2014 is shaping up to be a full year, and I’m grateful for every opportunity to declare and celebrate God’s goodness and faithfulness. I’m also grateful for this humbling, amazing truth. I am known. Fully known. And the One who knows me is able to sanctify and anoint and fill with His grace and power to do His work in His beautiful name to His glory.

And the same is true of you. Isn’t it a wonder? Friends, we are known. May we lean into this truth and go forth to do His will rejoicing.



17 responses

19 01 2014

Thank you, Jeanne. I’ve missed seeing your thoughts. I’m so happy for you that you can be joyful about being known, and that God already has plans for you, which you’re carrying out without trying to wonder too much if you’re on the right track.

I’m not strong or well, and one of my greatest areas of being disturbed is in my not being capable of doing anything — except praying. So many bloggers are urging us to find out and become all that God intended us to be. It seems to me like so many times, that results in self-effort and telling God what we think he should do for us, rather than a natural evolvement of us carrying out his will, even unknowingly, by our quiet everyday actions. So many good, small actions could bless someone in the body of Christ — a note or phone call, speaking the words, “I care about you.” And I so deeply dream, even yet, of doing something with my artistic talent, and I do do some graphics arts on my computer but just haven’t the strength to sit upright to paint. Since I have “sensory overload” and major (life-altering) conditions, I can only be mostly alone, can’t reach out to others much. And sometimes that bothers me.

Yes, I know God honors our prayer life. Yes, I accept that I’m “known”. But I still don’t “feel” (emotionally) like he could value a slacker like me as highly as those real saints who pray and he says “go and do,” and they do, and succeed in their endeavors, and bless many people.

In fact, I don’t know how to “feel” (emotionally) that I believe he has great plans for me that I will really carry out, as my health continues to worsen year by year. My brain is often fuzzy from either the drugs I have to take, or the conditions themselves. Yes, I understand that I’ve taken in too many ideas from others about who God would want me to be. And that I can’t measure up to my own expectations of that. But how does one who is sick, and in constant pain every hour for 20 years, and has toxins in their body, get past the low feelings and into the joy?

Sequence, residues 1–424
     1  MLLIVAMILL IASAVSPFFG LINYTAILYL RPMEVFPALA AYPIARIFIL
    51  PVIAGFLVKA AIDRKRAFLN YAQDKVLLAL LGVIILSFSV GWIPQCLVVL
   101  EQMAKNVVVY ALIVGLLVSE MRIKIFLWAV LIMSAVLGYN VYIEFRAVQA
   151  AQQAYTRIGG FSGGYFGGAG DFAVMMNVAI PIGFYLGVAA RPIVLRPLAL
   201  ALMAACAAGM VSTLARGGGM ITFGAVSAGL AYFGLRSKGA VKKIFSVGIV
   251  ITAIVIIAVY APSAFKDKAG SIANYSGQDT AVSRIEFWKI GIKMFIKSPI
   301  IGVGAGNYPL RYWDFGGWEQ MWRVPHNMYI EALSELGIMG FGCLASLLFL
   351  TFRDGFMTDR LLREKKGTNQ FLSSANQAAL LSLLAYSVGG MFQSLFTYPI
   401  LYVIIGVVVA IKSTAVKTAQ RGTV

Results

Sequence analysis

My mind can claim a “stubborn joy” (as I read on a blog) of believing there’s hope for the future even when the present looks bleak, but resting in that when my muscles are always tensed as in fight-or-flight, doesn’t happen very often. The isolation in which I live, and the circumstances of the energy drain of trying to care for myself, don’t lend themselves to finding other people to encourage me. On the other hand, the isolation is a solitude which has protected me from a whole lot of “God wants you to ____” ideas from other people.

20 01 2014

Dear friend. I read your comment last night but didn’t want to shoot off a quick answer. Really, I just wanted to sit with you for a while in these questions and ponder God’s heart in them. I want you to know how much you inspire me by your faith and faithfulness. You are walking a hard road, and you are walking it with Him. That is a bigger victory than you may know. If you doubt your value to God, please know that I believe your role in His kingdom is one of the greater ones. I honestly don’t think God measures success the way we do — even as Christians. Prayer is the greatest work of all. Praying while in pain is a sacrifice that bears tremendous fruit in the kingdom. And all the “small actions” you mentioned? They’re not small from an eternal perspective. The more time I spend around disabled people and those who care for them, the more I’m convinced that we’re all going to be surprised when we get to heaven. The ones we thought were great and mighty for God won’t be the ones He honors most, but rather the hidden ones, faithfully loving Him and trusting Him even when the world labeled them useless.